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Boston bombing: Suspect Tamerlan Tsarnaev 'had literature' supportive of white supremacist beliefs

Boston bombing: Suspect Tamerlan Tsarnaev 'had literature' supportive of white supremacist beliefs
Boston bombing suspect Tamerlan Tsarnaev possessed right wing extremist reading material which was seemingly supportive of white supremacist beliefs, owning further literature on conspiracy theories, BBC's Panorama program claimed.

The program alleged that one right-wing article belonging to the suspect advocated some beliefs characteristic of white supremacists and argued that “Hitler had a point.”

The 26-year-old, who was killed in a shootout with police after the deaths of three people during April's Boston Marathon bombing, also read up on “the rape of our gun rights,” the report adds.

According to the program, he possessed materials, deemed to be "government conspiracy theories," which accused the US government of orchestrating the 9/11 attacks and the Oklahoma bombing in 1995. Reportedly, Tamerlan also had literature that explored the psychology behind mass killings and how the perpetrators “murdered and maimed calmly.”

"[Tamerlan] just didn't like America. He felt like America was just basically attacking all Middle Eastern countries…you know, trying to take their oil,” Panorama cited a person titled as an anonymous friend of Tamerlan’s.

A former profiler for the FBI, Mary Ellen O'Toole, told the Wall Street Journal that she doubted Tsarnaev's "extremist" readings would have had a role in creating his opinions, though she said they could have reaffirmed existing beliefs.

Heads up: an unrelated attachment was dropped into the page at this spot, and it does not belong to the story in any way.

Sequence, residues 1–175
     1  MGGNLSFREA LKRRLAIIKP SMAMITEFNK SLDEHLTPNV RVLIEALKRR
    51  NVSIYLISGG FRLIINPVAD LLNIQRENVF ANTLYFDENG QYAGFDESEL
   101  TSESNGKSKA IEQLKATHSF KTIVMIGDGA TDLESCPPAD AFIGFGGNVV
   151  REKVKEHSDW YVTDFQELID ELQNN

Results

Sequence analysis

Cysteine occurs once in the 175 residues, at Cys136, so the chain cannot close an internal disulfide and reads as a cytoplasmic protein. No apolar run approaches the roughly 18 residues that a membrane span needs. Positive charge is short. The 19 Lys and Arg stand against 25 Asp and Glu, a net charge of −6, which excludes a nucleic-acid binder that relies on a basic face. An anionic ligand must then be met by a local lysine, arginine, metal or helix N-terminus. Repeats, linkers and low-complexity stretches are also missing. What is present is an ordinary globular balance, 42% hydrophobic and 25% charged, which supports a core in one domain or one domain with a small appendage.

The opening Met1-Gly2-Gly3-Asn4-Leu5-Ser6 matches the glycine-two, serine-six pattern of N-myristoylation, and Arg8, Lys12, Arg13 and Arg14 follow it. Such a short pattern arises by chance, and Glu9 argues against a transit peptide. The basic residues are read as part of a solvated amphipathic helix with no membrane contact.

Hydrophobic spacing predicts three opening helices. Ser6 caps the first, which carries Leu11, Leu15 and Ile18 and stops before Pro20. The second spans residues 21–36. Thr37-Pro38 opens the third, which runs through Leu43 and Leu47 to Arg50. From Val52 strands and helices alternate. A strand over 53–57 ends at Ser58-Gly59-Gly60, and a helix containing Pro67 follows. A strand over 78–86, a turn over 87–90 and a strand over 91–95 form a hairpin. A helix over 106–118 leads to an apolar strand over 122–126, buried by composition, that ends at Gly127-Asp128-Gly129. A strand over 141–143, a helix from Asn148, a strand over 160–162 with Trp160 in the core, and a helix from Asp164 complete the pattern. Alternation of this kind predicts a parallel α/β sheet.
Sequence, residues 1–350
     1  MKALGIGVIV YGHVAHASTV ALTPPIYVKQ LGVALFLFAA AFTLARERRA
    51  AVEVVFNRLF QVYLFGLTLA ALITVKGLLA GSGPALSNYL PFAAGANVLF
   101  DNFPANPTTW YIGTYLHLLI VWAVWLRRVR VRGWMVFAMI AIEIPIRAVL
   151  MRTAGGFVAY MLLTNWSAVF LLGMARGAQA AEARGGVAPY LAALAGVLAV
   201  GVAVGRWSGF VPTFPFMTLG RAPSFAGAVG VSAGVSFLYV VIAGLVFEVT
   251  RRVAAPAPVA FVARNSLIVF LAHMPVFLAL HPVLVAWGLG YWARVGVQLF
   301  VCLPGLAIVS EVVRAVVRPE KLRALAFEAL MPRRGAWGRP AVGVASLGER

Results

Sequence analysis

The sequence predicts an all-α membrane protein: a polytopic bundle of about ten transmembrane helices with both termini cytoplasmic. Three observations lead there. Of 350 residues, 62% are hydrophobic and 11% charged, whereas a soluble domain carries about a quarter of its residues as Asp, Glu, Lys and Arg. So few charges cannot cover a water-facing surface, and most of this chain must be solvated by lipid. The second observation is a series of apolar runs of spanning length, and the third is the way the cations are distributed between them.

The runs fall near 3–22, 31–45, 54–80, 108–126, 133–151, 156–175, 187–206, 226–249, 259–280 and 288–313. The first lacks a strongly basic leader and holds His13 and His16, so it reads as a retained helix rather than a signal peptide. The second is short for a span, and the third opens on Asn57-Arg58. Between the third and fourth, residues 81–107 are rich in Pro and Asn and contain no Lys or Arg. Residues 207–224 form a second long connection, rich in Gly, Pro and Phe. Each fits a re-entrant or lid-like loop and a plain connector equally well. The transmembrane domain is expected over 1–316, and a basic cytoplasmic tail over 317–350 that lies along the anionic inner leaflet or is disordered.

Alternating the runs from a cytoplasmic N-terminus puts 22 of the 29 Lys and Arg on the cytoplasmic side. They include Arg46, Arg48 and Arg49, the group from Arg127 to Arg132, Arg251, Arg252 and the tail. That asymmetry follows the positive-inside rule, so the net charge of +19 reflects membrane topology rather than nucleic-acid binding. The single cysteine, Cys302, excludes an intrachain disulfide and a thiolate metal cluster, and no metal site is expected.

Tamerlan Tsarnaev, along with his brother Dzhokhar, allegedly detonated two homemade bombs at the finish line of the Boston Marathon in April. Tamerlan Tsarnaev was killed by police in the subsequent manhunt, while his younger brother was apprehended and has since been charged with murder and use of a weapon of mass destruction and could face the death penalty. Dzhokhar denies the charges against him.

Speculation has been rife as to whether US secret services could have prevented the attack. The FBI denied last week that it could have stopped the plot from coming to fruition, had they ramped up surveillance on Tamerlan. Russian intelligence agencies advised the FBI to monitor Tsarnaev in 2011, whom they suspected of fostering extremist Islamist beliefs.

The two brothers relocated to the US from Dagestan around 10 years ago.

The FBI is currently investigating suspicions that Tamerlan became radicalized during a visit to Dagestan last year. House Intelligence Committee chairman Mike Rogers told the BBC that the brothers’ mother, Zubeidat Tsarnaeva, had a hand in his radicalization.

"He had family members encouraging, we know that for sure," he said.

Zubeidat Tsarnaeva denies these accusations and maintains Dzhokhar and Tamerlan’s innocence. In an interview to RT after the April bombings she accused the FBI of framing her sons for the attacks.